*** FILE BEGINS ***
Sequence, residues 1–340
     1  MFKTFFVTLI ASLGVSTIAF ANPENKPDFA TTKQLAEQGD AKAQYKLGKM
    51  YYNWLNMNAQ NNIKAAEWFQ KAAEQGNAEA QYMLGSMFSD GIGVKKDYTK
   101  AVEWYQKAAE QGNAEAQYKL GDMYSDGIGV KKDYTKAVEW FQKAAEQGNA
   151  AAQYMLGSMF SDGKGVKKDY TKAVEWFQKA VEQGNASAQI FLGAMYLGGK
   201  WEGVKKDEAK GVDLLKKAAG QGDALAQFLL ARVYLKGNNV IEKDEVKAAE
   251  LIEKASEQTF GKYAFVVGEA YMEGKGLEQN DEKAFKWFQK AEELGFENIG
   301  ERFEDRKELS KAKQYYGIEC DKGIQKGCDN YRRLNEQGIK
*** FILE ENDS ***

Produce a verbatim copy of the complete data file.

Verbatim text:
Sequence, residues 1–340
     1  MFKTFFVTLI ASLGVSTIAF ANPENKPDFA TTKQLAEQGD AKAQYKLGKM
    51  YYNWLNMNAQ NNIKAAEWFQ KAAEQGNAEA QYMLGSMFSD GIGVKKDYTK
   101  AVEWYQKAAE QGNAEAQYKL GDMYSDGIGV KKDYTKAVEW FQKAAEQGNA
   151  AAQYMLGSMF SDGKGVKKDY TKAVEWFQKA VEQGNASAQI FLGAMYLGGK
   201  WEGVKKDEAK GVDLLKKAAG QGDALAQFLL ARVYLKGNNV IEKDEVKAAE
   251  LIEKASEQTF GKYAFVVGEA YMEGKGLEQN DEKAFKWFQK AEELGFENIG
   301  ERFEDRKELS KAKQYYGIEC DKGIQKGCDN YRRLNEQGIK